Rob Price
Gutbrain Records
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2013 January 21 • Monday

Duke Ellington's Paris Blues is the 253rd Soundtrack of the Week.

The soundtrack album begins with a train whistle and then a sprightly rendition of "Take the 'A' Train" (a subway train, not a railroad train and thus never having a whistle, I believe). There are brief saxophone and trumpet solos.

"Battle Royal" is another uptempo tune with impressive bass playing and more feature spots for the sax and trumpet. (The movie's about a trumpet player, so no surprise there.) This is presumably a "cutting contest" scene. There's an electric guitar solo, which is pretty unusual for Ellington, as far as I know.

Hand percussion and an exotica mood introduce "Bird Jungle", which becomes denser as it goes on. There's something familiar about the horn line but I can't put my finger on it.

After that comes the sublime "Mood Indigo", with guitar on the intro, making it sound different than other Ellington takes of this tune which I've heard.

"Autumnal Suite" starts out with flute and cymbal, soon joined by other winds. It starts out sounding like vintage Chico Hamilton quintet but soon relaxes into a smooth, relaxed swing that's very Ellington.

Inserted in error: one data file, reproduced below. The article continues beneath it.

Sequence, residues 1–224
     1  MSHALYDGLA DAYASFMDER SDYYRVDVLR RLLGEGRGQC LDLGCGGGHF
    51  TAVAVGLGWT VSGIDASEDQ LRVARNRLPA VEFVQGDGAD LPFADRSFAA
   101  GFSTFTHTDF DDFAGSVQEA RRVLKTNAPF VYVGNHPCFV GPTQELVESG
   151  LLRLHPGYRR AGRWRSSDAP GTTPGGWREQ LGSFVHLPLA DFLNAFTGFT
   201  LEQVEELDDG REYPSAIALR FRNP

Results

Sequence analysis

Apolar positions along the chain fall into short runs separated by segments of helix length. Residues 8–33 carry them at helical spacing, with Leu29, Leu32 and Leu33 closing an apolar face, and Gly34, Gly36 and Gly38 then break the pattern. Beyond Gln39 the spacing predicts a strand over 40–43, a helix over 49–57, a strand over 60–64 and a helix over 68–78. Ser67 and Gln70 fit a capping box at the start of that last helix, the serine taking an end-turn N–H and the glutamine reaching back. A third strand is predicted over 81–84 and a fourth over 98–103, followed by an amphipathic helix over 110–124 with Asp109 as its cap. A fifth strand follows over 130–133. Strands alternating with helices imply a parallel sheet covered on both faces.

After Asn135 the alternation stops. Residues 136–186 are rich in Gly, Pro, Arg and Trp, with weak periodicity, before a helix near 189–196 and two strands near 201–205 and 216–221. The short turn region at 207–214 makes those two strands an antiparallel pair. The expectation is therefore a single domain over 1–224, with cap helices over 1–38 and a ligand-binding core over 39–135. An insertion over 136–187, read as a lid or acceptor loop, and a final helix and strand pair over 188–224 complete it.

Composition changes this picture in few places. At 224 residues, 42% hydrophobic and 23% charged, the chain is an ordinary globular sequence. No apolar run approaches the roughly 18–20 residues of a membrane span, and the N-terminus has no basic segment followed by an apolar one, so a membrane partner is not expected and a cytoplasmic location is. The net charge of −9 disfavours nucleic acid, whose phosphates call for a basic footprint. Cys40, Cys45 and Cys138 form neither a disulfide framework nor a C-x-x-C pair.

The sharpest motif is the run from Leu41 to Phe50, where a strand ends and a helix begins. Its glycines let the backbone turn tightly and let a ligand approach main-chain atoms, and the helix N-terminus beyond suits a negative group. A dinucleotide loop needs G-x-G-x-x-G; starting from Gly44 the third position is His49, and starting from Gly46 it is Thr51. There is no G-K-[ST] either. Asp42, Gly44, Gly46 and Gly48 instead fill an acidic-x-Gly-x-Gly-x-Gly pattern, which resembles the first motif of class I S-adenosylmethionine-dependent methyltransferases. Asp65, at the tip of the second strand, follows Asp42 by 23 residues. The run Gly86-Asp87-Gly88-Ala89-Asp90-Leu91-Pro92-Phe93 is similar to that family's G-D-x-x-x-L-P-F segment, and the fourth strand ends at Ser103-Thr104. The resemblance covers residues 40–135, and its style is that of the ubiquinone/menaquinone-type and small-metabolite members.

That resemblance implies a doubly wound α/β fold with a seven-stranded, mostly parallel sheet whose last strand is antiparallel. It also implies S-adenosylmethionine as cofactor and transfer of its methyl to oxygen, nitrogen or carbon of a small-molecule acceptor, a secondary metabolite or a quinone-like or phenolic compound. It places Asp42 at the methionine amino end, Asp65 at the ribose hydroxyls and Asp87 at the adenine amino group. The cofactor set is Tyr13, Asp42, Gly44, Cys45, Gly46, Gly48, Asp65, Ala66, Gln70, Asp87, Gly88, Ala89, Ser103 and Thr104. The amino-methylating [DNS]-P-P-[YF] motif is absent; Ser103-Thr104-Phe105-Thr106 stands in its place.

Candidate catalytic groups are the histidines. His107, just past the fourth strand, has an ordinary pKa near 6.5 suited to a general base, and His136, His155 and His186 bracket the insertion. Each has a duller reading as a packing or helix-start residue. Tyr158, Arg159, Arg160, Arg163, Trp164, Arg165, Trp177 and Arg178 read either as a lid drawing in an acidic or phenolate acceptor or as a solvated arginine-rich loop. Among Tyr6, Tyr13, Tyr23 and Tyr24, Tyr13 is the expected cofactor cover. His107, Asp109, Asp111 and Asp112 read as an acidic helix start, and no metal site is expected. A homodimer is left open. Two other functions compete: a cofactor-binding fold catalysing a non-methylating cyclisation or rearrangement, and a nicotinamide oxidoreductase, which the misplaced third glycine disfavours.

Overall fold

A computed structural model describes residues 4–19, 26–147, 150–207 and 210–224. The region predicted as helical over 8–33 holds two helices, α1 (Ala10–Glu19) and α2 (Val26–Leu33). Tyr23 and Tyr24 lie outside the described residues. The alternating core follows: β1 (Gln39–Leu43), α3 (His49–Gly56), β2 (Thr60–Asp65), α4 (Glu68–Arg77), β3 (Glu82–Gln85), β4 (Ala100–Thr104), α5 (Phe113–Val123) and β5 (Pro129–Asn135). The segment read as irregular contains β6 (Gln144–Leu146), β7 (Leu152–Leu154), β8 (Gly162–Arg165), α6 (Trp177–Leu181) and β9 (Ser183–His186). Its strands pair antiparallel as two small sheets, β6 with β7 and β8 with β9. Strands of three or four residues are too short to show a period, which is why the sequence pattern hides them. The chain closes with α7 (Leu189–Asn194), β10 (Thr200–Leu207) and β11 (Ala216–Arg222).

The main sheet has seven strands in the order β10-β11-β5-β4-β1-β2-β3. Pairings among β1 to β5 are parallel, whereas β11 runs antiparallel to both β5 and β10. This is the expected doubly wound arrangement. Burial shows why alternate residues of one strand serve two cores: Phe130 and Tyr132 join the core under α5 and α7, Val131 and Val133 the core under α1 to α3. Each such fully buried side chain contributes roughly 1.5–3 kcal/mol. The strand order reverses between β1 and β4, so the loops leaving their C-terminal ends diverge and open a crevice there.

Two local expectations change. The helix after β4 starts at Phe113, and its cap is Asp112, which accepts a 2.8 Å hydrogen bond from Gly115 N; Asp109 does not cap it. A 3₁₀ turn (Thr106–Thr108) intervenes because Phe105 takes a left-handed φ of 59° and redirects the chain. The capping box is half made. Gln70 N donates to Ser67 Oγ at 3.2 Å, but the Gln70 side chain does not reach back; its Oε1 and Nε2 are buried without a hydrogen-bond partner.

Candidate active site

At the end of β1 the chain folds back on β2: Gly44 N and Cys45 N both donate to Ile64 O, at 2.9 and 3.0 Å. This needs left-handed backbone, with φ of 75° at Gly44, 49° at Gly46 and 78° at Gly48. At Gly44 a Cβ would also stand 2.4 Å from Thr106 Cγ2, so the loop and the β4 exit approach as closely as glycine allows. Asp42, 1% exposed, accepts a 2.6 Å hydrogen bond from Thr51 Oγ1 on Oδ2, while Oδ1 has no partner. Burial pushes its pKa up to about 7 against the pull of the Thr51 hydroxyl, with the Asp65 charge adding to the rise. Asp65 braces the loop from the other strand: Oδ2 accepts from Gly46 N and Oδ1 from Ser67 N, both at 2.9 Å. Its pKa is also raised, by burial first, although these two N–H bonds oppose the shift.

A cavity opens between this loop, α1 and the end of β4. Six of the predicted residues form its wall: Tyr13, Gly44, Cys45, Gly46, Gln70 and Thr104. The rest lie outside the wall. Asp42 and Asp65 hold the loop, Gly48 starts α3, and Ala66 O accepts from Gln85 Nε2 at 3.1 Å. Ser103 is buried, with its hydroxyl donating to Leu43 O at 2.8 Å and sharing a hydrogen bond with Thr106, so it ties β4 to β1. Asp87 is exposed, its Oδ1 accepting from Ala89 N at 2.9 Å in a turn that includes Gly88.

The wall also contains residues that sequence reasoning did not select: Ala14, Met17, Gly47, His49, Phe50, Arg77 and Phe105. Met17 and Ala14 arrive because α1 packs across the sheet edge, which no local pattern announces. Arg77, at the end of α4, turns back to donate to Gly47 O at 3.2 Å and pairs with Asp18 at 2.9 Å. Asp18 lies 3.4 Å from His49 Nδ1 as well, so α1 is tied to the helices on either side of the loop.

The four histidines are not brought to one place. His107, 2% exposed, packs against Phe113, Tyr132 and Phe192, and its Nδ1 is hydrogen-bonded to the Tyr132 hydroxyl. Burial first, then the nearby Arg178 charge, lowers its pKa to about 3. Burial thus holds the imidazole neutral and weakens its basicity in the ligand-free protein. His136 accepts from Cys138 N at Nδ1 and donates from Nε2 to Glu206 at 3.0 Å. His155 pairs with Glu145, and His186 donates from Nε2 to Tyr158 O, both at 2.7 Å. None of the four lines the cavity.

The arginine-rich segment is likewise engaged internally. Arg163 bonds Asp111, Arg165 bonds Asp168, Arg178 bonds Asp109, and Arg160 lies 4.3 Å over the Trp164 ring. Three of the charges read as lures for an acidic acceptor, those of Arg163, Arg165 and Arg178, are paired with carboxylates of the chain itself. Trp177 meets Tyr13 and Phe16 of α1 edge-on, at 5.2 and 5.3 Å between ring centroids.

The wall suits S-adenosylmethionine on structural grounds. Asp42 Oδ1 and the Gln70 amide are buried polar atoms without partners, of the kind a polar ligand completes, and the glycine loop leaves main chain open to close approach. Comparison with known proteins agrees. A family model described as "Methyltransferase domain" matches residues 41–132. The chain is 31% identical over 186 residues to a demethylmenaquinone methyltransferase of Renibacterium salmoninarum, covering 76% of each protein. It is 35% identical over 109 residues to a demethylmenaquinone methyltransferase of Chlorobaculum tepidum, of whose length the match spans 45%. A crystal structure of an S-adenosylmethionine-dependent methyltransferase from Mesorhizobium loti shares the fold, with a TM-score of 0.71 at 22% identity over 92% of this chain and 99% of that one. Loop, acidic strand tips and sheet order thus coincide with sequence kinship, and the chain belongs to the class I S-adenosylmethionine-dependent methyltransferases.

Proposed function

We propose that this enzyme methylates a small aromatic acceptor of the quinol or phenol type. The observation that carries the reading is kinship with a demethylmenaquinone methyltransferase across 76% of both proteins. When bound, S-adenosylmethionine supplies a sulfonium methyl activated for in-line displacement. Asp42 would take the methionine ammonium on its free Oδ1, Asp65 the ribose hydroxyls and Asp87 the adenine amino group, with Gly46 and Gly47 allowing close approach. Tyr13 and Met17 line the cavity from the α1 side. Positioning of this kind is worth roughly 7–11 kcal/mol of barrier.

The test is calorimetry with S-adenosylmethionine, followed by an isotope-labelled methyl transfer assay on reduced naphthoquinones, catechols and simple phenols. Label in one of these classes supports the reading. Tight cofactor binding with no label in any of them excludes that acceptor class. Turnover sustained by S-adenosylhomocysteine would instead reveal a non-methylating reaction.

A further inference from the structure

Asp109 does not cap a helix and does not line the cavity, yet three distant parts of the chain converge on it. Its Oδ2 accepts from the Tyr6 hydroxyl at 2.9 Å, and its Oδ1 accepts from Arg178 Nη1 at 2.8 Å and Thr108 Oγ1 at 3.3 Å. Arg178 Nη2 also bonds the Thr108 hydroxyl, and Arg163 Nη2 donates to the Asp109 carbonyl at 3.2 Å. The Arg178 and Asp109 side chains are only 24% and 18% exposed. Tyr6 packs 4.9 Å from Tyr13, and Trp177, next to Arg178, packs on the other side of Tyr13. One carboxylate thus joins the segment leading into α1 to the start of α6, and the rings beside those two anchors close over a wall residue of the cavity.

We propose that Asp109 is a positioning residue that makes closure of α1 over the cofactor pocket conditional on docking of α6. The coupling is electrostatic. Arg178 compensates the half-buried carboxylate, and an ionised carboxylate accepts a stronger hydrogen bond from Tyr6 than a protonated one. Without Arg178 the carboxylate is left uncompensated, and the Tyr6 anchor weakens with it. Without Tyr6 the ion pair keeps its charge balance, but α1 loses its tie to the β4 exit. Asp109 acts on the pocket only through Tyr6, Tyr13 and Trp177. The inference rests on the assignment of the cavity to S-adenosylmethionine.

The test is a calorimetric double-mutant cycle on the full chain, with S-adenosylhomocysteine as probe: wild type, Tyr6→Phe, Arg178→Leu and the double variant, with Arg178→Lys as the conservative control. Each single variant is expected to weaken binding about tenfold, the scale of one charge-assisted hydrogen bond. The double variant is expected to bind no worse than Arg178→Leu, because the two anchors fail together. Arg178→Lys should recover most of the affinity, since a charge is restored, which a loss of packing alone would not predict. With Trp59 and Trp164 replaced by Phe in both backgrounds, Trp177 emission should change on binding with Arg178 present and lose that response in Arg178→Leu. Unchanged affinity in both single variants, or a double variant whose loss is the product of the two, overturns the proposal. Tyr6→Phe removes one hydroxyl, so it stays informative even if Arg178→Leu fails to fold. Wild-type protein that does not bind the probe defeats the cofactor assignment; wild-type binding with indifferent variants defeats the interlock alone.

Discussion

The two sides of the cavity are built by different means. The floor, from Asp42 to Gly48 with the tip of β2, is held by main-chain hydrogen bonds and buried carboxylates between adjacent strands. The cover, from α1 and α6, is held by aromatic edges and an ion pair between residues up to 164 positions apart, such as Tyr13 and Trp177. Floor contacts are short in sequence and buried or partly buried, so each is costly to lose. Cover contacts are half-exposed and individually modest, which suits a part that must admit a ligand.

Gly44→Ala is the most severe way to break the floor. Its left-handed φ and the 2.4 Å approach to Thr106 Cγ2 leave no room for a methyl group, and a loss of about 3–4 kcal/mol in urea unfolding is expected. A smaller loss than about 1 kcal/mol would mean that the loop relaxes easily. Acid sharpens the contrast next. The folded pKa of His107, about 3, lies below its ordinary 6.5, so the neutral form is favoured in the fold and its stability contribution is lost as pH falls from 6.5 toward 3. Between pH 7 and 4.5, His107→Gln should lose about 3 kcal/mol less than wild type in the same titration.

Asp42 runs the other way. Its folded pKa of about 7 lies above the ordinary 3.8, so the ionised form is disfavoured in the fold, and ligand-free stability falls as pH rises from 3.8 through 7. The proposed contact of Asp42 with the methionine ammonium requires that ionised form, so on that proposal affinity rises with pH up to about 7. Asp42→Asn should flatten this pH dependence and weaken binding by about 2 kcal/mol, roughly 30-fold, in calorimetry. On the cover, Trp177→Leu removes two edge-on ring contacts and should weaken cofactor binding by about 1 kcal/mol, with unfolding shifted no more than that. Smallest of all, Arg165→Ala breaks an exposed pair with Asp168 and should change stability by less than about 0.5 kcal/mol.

"Nite" has a similar structure, starting out chamber-like and then swinging. "Wild Man Moore" is rough and ready from the beginning, a raunchy, swinging shouter. This piece is named after the character played by Louis Armstrong on the film.

"Paris Stairs" is a pounding waltz with a swirling energy. Guitar takes center stage for "Guitar Amour", which I seem to remember seeing in an Ellington concert video years ago. It starts off delicate but builds to frantic strumming across all strings.

The CD concludes with the melancholy "Paris Blues", a richly textured cue that, like so much of Ellington, you feel as much as you hear.

The other tracks on the CD are bits of dialogue from the movie, an idea I've never liked. The Joanne Woodward asks trumpet player Paul Newman, "Do you write music too?" He replies, "Honey, I live music: morning, noon, the whole night. Everything else is just icing on the cake. You dig?" "I dig," she says. Well, what would you say?